It's not news that high school teams are known for hazing new players. But last weekend, one team in Pennsylvania took the malpractice way too far.
On Sunday, two high school seniors on the varsity soccer team duct-taped 16-year-old Austin Babinsack to a goalpost, tried to snap some photos and left him at Highlands High School in Harrison Township for an off-duty state trooper to find later.
This would be bad enough on its own, but Babinsack is also autistic. "He was terrified," said his mother, Kristie Babinsack. "He could have died, he could have had a heart attack from being so stressed out. He was screaming at the top of his lungs."
The two players and the coach have been suspended, but in a statement through their attorney, the Babinsack family told the Pittsburgh Post-Gazette that the duct-taping was "a long-standing ritual with the team, but they did not know about it until it happened to their son." The school board solicitor said that "district officials had heard that it [the duct-taping] may have happened before."
This is one of two high school sports hazing incidents that have surfaced just this week, and these won't be the last. According to an Alfred University study, hazing among high schoolers is most prevalent in sporting environments, account for nearly one-quarter of reported incidents.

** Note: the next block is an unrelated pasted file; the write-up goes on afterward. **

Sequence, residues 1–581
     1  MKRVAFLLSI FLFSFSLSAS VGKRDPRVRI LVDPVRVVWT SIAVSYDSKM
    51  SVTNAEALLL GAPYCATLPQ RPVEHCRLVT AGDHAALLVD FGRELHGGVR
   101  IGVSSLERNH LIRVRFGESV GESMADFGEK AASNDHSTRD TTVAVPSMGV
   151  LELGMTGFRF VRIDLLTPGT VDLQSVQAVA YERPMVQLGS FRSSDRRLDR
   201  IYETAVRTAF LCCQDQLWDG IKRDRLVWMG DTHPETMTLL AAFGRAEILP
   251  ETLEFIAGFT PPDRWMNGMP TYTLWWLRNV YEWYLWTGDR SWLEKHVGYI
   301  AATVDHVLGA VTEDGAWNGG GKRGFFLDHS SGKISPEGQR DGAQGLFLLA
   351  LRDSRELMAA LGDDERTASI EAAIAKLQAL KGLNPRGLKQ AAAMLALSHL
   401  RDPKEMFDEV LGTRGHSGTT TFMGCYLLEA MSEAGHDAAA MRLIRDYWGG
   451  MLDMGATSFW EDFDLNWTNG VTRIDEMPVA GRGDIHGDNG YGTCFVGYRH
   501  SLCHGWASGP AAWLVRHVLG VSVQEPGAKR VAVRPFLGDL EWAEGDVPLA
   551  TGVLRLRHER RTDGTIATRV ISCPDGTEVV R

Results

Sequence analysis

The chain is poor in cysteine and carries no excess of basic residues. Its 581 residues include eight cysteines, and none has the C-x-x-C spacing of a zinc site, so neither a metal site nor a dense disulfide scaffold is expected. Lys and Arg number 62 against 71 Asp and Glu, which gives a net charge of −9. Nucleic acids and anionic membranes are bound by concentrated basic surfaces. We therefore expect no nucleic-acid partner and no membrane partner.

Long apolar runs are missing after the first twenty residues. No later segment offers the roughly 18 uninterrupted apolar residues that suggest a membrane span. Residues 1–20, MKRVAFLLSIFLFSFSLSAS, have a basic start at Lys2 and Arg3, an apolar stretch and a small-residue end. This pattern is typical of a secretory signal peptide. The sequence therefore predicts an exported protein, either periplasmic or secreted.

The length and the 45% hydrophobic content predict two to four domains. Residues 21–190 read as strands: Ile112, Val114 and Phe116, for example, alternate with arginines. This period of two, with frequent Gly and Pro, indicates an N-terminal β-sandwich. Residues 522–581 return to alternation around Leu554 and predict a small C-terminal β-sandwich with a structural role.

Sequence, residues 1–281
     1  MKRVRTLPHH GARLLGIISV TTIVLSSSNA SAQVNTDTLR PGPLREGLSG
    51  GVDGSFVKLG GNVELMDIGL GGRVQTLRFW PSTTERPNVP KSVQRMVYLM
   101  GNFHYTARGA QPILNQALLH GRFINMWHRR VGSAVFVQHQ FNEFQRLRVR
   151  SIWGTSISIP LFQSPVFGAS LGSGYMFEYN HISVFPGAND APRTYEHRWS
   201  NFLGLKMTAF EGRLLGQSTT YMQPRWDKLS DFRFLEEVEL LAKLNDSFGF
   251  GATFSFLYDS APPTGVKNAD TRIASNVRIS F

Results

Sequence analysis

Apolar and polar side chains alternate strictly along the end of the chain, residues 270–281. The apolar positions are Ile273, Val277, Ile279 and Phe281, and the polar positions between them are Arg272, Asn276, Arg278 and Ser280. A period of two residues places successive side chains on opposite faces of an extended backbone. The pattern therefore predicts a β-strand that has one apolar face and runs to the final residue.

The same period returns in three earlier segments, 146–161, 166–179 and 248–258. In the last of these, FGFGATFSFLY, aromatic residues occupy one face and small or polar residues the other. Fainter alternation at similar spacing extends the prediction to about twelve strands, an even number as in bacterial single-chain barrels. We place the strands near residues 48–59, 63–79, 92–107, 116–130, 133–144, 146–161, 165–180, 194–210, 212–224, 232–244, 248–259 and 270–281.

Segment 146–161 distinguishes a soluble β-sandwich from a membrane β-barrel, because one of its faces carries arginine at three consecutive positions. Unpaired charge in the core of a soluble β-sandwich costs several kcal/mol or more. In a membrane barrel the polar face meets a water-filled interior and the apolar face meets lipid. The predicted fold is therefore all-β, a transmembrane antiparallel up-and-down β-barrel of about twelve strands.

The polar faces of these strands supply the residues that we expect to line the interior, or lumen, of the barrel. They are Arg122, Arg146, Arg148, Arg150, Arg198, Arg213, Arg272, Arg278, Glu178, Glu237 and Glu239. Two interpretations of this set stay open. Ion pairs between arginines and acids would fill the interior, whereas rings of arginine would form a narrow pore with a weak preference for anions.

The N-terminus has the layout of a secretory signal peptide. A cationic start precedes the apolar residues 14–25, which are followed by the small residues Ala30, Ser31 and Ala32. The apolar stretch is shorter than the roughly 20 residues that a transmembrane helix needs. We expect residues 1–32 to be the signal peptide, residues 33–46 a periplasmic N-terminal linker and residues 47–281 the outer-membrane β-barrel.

It's not just happening in high schools either; it's rampant at the college and professional levels as well.
Last year San Francisco 49ers offensive lineman Jonathan Martin accused teammate Richie Incognito of some high-level hazing while they were with the Miami Dolphins.
Martin's allegations were largely backed up by a scathing report by lawyer Ted Wells, asserting that Incognito used racial epithets against Martin, as well as deploying sexual references about Martin's sister and mother.
On the college level, the University of North Carolina suspended four players last month after their violent actions allegedly led to a freshman suffering a possible concussion, as if the game itself wasn't dangerous enough.
Studies show that hazing and hateful conduct are actually detrimental to the cohesiveness of a team, sports or otherwise. So much for shared experiences and team bonding through suffering.
Though Babinsack seems to be facing further backlash from his team for "snitching," no one should have to choose between personal safety and group acceptance. Let's hope these events won't turn him away from a sport that he dearly loves.